I'm the Google Glass guy at work now. Everyone knows me as that one fella who walks around with that thing on his face -- everyone from the gang in accreditation to the entire admissions team to the President and the CEO of the college. What can Google Glass teach us about personal branding?
As a Glass Explorer and one of only about 10,000 people picked by Google to wear their new Glass wearable technology, I originally purchased them to get in on the ground level of a whole new app store. My goal was to wear them around as much as I could to better anticipate the future use cases of consumers for a completely new market. I didn't think of the affect Glass would have on my brand.
At first, there were quite a few people who told me I looked futuristic, silly, or even creepy. Those voices got to me during the early days of being a Glass Explorer to the point of considering not wearing them to work or in public anymore. But then something game-changing happened.
A Moment With My CEO That Changed Everything
One morning I was sitting in a public area updating with a colleague when our CEO sat down next to us, wanting to learn more about Glass. I gave him a demo and he marveled at how futuristic they were.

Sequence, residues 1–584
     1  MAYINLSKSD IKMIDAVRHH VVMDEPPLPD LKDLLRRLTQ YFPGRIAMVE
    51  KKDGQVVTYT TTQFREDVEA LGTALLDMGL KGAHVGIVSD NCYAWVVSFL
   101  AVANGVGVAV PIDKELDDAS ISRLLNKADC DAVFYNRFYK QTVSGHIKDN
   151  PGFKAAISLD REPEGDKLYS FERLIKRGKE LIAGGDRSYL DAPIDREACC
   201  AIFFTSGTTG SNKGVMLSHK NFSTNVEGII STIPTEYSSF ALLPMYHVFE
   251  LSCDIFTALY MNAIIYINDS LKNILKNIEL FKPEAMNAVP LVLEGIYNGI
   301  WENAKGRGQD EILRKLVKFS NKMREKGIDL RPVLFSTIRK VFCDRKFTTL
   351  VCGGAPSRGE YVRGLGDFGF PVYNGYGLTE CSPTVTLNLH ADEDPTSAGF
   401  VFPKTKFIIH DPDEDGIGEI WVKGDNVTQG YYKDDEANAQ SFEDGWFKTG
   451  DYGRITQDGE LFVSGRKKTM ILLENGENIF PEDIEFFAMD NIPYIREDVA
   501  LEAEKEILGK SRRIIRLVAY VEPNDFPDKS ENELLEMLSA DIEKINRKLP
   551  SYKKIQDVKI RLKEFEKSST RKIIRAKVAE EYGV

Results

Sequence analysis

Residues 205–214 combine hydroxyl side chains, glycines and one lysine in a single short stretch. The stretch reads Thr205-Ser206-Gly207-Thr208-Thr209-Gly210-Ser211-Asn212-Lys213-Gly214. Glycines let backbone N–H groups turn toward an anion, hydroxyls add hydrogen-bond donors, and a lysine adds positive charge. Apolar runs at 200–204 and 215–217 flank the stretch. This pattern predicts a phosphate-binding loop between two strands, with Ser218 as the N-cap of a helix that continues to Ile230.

He went on to share that he told all his friends that he knew a guy at work who had Google Glass and that they were all very impressed that their pal had such a visionary working for him. I'd like to think my work speaks for itself, but I'm not too proud to get a Glass-related boost when I can get one.
Great Brands Maximize the Experience
As with any great consumer brand, great personal brands should seek to maximize the experience of a few key personas, such as clients, customers, and CEOs.
If having Glass makes me a visionary to one very important person, it can more than make up for the handful of those who are uncomfortable with the technology and associated societal implications of Glass. The same is true with strengths, personality traits, and many other aspects of your personal brand, too.
What aspects of your personal brand are most appealing to your key customers? Do you find that some of your strongest traits and characteristics are often subject to the attention of others but embraced by those you serve the most?